Monopoly Fight! - Methodology

What is it?

Monopoly Fight! is an attempt to answer the age-old question, "which player in a game of Monopoly has the better set of properties?"

Its basic usage is simple: tell it who's playing, what properties they own, and what development, if any, they've performed, and click the button. You'll find out how much money each player can expect to earn or spend per roll of the dice, broken out by who's rolling the dice at any given moment. In the long run, anyone losing money each roll is doomed, at least in theory.

That should be all you really need to know to use it. But if you're wondering just how it works, then this page is for you.

Principles

Monopoly Fight! calculates how much money each player is expected on average to gain or lose per roll of the dice. This overall expected value is simply the sum of the expected values of landing on each square, which is computed by:

expectation = payout x probability

The idea is that each square provides some payout, positive or negative, when a player lands on it. Multiplying this payout by the probability of landing on it after rolling the dice provides the long-term average expectation from that square.

For example, suppose a player would have to pay $200 rent for landing on New York Avenue, and has a probability of 2.81157% of landing on it after rolling the dice. The expected value from New York Avenue would then be -$5.62314. In other words, in the long run, the player is expected to lose $5.62314 per turn because of rent on New York Avenue.

Some squares do not have a constant payout from landing on them. For example, the payout from landing on Chance or Community Chest depends on which card is drawn. However, a similar methodology to the above can be used to compute the expected value of these squares as well, in terms of the expected values from each card in the deck.

Go and Jail are special cases. Players earn $200 not from landing on Go, but for passing it (which includes landing on it), and in some cases can get $400 from Go in a single roll of the dice. Conversely, a player only pays $50 when leaving Jail without rolling doubles; landing on it has no direct effect as far as payouts are concerned.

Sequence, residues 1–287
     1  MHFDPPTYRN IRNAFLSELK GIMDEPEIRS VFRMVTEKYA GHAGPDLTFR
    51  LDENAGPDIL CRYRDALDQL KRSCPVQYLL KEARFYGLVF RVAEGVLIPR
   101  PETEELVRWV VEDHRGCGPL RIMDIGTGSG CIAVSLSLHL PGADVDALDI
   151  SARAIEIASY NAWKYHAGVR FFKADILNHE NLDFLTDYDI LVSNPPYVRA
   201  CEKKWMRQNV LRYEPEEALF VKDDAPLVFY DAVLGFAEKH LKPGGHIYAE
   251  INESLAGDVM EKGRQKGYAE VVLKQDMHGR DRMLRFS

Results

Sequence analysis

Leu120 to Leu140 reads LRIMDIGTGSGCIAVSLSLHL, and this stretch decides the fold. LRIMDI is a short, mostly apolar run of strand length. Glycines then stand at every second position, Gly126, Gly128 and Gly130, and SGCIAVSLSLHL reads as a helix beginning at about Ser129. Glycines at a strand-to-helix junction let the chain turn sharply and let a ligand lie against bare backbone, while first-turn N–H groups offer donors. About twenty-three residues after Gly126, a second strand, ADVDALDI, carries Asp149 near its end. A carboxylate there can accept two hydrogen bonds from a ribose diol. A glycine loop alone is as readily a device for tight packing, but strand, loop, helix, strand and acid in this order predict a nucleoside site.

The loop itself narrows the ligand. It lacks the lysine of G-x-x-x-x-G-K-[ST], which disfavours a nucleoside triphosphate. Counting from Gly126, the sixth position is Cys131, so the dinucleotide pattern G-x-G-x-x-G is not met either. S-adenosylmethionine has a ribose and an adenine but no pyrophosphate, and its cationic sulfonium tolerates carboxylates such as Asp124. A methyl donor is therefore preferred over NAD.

Of course, figuring out the payout for any square is easy. Determining the probability of landing on it, however, is a bit more involved, and is the subject of the rest of the next sections.

Defining probabilities

Before computing the probability of landing on a square, we have to define what "landing on a square" actually means, since sometimes a player may appear to land on multiple squares before the roll ends. For example, any player reaching Go To Jail does exactly that, and many Chance and Community Chest cards also direct the player to move to a particular square.

For our purposes, it is most convenient to define "landing on a square" as being the square a player stops at after rolling the dice; a player lands on exactly one square per roll. This definition is convenient because payouts only come from this square, not any squares temporarily visited along the way. It does lead to the possibly surprising fact that it is impossible by definition to land on Go To Jail, but any other definition of "landing" would needlessly complicate analysis.

The long-term and short-term probabilities of landing on a square are very different. In the short term, the probabilities depend primarily on what square the player is current on. After all, you're much more likely to land on New York Avenue if you're currently on Just Visiting and not Illinois Avenue. In the long term, all these short-term probabilities get "averaged out" according to how likely it is to be starting at each of those squares in the first place, which is just another way of asking how likely it is to land on those squares in the long term.

Modeling player movement

While the above might sound circular, there is nevertheless a way to model this using Markov chains. A Markov chain is a process where the next state (i.e., what square a player will land on) depends only on the current state (i.e., what square a player is currently on); a probability distribution determines which next state is chosen. During the course of a game, a player goes from one Markov state to another, over and over again.

Our first instinct might be to say that a state in this model is simply which square the player is on. However, this is not enough information, since rolling three consecutive doubles lands the player in Jail. Each state in our Markov model needs to include how many consecutive doubles have been rolled (or, in the case of Jail, how many consecutive non-doubles have been rolled before the player is forced to pay bail). If a player has rolled two consecutive doubles, the probability of landing on Jail increases significantly.

Given the current state (square and number of consecutive doubles), it is straightforward to compute the probability distribution of the next state (new square and new number of consecutive doubles); that probability distribution is largely determined by what the outcome of rolling the dice is, and to a lesser extend to what Chance or Community Chance card might be drawn.

However, while this model is good enough for computing the probability of landing on each square, it isn't enough for calculating the expected value of landing on those squares, because of two special cases. For each case, it is necessary to add additional information to the states in the model: